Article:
Turning on the CB radio is almost certain to formulate a negative image of truckers. The excessive use of profanity, threats, bigotry, gay bashing, womanizing, and general ignorance makes truckers appear as ill-bred knuckle-draggers. I make little mention of the CB radio, and the reason is simple: my CB remains off at least 95% of the time, and I know many drivers who share in that practice. I’m not sure that truckers will ever decide to clean up the airwaves but, until that time, the On/Off switch provides a viable alternative.
The condition of many truck stops also illuminates truckers in a negative light. Some truck stops literally smell like a urinal. While a large part of truck stop cleanliness responsibility falls upon the facility management, drivers need to bear their share as well. There is no excuse for a driver haphazardly discarding trash and pee bottles at a truck stop. This is absolutely disgusting, and I make no excuse for the drivers who are too lazy to walk to a trashcan. I would like to see truck stops impose a stiff penalty to any driver caught throwing a pee bottle anywhere besides a waste receptacle. On the same note, truck stops need to be better about removing waste on a regular schedule. Nothing is more sickening than to walk across a parking lot when the wind wafts an odor of rotting food and urine directly into your face.
There are things that both truckers and the motoring public can do for an image makeover. Truckers should pay heed to personal hygiene and appearance. We don’t need to dress for an opera opening, but our appearance (and fragrance) should not be offensive.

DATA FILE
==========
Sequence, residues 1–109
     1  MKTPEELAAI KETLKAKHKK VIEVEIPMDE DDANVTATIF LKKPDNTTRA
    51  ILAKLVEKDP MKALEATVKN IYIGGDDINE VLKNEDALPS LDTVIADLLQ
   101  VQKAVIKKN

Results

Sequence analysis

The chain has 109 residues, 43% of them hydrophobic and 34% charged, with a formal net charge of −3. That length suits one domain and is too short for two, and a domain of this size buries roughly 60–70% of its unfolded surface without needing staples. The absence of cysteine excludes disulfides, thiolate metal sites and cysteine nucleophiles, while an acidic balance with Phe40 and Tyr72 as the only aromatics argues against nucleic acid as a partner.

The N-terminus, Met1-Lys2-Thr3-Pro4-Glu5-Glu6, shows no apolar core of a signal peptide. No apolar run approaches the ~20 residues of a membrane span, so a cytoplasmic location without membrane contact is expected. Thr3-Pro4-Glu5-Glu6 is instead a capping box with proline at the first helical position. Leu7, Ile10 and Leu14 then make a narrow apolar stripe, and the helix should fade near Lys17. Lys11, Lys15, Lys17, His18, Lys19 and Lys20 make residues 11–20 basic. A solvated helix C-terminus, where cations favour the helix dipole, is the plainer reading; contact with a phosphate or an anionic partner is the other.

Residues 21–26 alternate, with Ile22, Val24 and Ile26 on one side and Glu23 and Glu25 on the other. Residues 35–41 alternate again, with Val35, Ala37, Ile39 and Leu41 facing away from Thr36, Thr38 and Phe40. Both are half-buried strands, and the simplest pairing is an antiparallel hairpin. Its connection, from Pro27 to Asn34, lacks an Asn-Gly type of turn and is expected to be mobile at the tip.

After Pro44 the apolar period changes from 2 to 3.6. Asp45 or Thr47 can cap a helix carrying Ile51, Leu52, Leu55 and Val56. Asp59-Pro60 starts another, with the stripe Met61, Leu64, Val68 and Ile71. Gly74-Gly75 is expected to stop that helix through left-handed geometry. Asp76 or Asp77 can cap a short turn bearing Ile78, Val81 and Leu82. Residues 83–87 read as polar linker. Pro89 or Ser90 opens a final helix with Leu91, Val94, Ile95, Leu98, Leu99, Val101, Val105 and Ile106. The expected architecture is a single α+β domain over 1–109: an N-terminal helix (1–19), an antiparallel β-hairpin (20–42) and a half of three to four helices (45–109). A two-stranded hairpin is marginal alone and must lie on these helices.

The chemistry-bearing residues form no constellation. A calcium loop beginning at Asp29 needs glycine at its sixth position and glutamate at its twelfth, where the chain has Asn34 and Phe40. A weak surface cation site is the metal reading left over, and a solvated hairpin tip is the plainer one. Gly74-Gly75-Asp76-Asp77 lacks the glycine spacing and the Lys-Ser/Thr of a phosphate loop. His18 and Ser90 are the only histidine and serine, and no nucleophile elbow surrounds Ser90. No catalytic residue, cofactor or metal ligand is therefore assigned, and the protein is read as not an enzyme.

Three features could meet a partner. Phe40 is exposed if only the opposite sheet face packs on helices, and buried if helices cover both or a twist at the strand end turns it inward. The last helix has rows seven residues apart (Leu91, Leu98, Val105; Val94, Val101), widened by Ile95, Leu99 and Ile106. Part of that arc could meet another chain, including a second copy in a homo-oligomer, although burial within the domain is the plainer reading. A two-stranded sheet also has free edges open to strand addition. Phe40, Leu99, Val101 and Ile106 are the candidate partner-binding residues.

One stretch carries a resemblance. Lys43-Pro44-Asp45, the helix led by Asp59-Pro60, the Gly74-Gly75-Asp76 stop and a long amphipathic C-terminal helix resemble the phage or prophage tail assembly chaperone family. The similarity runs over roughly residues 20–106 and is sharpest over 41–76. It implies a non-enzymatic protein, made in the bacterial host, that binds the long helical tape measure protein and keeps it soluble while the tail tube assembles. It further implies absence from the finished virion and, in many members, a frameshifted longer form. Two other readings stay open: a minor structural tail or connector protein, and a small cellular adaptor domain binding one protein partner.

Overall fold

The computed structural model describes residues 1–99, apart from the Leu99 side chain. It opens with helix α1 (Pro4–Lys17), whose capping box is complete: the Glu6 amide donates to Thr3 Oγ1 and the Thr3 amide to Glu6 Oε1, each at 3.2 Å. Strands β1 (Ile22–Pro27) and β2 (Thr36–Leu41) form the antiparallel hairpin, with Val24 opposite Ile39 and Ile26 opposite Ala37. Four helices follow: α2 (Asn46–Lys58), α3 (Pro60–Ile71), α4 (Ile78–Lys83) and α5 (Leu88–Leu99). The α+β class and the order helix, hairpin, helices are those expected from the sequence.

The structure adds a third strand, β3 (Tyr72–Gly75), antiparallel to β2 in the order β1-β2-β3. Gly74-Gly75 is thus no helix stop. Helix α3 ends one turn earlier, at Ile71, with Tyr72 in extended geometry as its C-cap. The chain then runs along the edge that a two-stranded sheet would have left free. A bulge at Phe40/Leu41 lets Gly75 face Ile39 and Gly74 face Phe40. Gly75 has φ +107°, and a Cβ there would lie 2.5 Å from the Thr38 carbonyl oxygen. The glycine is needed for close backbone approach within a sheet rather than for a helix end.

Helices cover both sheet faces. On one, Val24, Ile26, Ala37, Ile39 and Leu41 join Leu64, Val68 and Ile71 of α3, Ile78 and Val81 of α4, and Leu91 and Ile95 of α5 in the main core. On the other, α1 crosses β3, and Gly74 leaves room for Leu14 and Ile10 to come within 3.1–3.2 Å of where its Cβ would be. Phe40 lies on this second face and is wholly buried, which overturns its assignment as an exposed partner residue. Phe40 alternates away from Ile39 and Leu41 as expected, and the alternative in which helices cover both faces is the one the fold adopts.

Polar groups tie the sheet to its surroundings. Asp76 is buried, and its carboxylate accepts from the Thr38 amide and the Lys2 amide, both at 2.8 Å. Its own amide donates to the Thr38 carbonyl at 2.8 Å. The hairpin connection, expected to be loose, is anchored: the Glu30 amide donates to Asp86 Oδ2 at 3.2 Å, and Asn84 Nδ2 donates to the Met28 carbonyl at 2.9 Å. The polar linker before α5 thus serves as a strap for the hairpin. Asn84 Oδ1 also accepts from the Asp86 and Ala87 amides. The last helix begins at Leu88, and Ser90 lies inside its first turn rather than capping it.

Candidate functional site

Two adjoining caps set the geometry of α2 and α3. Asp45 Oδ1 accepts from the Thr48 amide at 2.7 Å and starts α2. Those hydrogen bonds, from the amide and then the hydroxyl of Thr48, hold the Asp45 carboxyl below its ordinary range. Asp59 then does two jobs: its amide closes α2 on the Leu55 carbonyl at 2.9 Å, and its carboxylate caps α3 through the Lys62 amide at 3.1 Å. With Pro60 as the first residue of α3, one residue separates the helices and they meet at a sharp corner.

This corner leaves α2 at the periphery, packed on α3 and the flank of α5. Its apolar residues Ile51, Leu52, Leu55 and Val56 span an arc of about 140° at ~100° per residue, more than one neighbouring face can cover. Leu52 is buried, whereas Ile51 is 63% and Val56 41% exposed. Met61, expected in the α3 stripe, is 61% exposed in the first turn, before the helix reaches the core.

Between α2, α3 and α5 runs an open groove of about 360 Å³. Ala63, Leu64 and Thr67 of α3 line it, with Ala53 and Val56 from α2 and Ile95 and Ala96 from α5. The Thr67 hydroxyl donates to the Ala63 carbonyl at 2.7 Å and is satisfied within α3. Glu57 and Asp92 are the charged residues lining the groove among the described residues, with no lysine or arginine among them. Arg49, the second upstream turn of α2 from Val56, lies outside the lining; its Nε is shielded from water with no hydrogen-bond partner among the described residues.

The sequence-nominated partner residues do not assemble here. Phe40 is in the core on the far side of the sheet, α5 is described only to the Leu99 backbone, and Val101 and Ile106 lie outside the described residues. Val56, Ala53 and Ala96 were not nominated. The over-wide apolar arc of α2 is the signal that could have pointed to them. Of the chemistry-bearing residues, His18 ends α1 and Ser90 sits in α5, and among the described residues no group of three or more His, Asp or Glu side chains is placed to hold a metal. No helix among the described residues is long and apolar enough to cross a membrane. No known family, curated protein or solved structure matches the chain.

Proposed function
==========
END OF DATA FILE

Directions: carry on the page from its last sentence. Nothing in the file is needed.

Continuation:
We are the professional drivers, and we should act accordingly. Stop tailgating, stop speeding through construction zones, and do not “”bully”” four-wheelers. Those who are unable to share the road with professionalism and respect should not be behind the wheel of a 40-ton vehicle. Pee jugs go in the waste receptacle. Enough said!
Finally, treating waitresses and cashiers with respect, presenting ourselves to customers and shippers in a professional manner, and cleaning up our filthy mouths on the CB would go a long way toward improving our image.
The motoring public could also use an education on sharing the road with trucks. A simple understanding of what trucks can and cannot do would alleviate plenty of road rage and middle fingers. Please remind yourself that the trucks annoying you are the main reason you enjoy the comfort and standard of living that you have. Point to anything you own, and know that a truck probably delivered it to the place you got it.
Trucks and truckers are here to stay. Our public perception lies largely in our own hands.